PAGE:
If muscle cars are to have a future, they’ll need to get electrified.
The man in charge of Dodge — a brand with not one, but four models boasting over 700 horsepower — is bullish on future performance, even if it won’t look or sound much like the thumping Detroit beat put out by the Hellcat 6.2-liter supercharged V8 found in everything from coupes like the Challenger to SUVs such as the Durango.
“The days of an iron block supercharged 6.2-liter V-8 are numbered,” Dodge brand CEO Tim Kuniskis told CNBC. “They’re absolutely numbered because of all the compliance costs. But the performance that those vehicles generate is not numbered.”
Kuniskis said that electrification will usher in “Performance 2.0,” especially given fuel economy standards likely to be tightened up during the Biden administration.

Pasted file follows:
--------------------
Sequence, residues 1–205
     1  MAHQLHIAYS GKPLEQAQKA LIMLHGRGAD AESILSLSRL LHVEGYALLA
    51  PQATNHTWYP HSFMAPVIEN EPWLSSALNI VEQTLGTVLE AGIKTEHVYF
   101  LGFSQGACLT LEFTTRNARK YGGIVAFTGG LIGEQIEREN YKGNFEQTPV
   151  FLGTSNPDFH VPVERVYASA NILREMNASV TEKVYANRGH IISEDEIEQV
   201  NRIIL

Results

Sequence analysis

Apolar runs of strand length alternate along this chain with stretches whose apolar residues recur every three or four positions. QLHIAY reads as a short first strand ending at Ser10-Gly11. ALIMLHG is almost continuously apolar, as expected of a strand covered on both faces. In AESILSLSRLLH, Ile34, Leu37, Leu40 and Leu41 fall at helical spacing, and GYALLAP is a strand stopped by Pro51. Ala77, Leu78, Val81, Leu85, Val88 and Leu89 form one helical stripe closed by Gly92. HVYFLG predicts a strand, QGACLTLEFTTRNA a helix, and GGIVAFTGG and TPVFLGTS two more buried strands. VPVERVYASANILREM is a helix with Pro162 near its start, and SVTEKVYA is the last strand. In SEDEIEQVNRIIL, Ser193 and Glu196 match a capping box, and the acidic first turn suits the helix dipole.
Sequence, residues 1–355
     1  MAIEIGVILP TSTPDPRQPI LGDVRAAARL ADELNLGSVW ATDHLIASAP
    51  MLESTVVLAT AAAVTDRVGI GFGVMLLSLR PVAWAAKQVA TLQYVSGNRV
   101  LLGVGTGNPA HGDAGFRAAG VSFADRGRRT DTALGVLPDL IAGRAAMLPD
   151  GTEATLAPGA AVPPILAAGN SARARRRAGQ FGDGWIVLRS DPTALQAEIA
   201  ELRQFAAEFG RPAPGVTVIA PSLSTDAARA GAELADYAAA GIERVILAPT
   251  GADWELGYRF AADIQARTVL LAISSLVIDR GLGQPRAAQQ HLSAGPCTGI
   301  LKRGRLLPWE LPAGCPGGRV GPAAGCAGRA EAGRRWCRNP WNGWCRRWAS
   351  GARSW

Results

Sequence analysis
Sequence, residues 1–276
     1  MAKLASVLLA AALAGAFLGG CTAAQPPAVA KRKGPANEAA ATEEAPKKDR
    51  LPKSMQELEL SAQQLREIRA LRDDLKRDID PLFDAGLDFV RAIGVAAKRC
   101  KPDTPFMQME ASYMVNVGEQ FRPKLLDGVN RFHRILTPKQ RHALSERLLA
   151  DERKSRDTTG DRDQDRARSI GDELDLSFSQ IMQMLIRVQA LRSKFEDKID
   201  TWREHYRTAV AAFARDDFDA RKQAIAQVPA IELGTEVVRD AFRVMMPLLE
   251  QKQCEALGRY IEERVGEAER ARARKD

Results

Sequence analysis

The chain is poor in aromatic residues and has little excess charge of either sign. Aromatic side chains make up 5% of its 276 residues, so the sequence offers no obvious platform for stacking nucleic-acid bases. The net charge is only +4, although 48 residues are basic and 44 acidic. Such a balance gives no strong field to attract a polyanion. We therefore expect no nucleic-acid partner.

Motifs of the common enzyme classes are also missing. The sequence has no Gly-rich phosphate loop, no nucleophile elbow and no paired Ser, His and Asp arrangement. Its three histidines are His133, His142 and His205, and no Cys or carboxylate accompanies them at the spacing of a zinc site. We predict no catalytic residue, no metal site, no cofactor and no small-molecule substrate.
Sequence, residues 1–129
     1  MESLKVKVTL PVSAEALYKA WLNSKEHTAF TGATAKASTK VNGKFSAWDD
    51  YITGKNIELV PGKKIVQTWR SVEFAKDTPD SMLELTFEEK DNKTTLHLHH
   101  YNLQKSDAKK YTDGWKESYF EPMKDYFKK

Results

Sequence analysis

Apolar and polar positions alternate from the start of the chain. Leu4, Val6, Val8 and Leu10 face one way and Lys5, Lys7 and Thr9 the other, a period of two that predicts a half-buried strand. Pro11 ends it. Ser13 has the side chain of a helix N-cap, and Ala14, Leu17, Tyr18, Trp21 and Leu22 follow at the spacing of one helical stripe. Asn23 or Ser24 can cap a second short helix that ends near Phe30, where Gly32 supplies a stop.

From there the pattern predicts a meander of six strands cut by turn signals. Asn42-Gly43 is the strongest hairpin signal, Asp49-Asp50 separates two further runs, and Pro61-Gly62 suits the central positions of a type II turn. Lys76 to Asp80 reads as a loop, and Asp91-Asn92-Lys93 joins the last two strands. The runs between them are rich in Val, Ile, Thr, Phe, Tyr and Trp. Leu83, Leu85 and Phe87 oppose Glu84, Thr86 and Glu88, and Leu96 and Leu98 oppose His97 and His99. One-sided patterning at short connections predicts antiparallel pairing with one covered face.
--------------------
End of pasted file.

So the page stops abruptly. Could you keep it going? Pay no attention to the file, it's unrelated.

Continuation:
Tesla paves the way
Dodge need only to look to Tesla for electric performance. The company’s electric cars offer tremendous power even in their most basic form. Tesla says its new Model S will do 0-60 mph in less than 2 seconds, a figure unheard of as recently as a decade ago. Cars can only get so much faster.
But Dodge is in many ways the antithesis to Tesla. The brand has only offered one electrified model in its history, a short-lived Durango hybrid that delivered so-so fuel economy and performance 15 years ago.
Kuniskis’ boss, Dodge parent Stellantis CEO Carlos Tavares, has said that every vehicle launched going forward will have an electrified version. So far, Stellantis — which sells Jeep, Dodge, Ram, Chrysler, Alfa Romeo, and Fiat in the U.S. — has only offered electrification on a handful of Jeep SUVs and Ram pickups.
But it looks like muscle cars may be next up.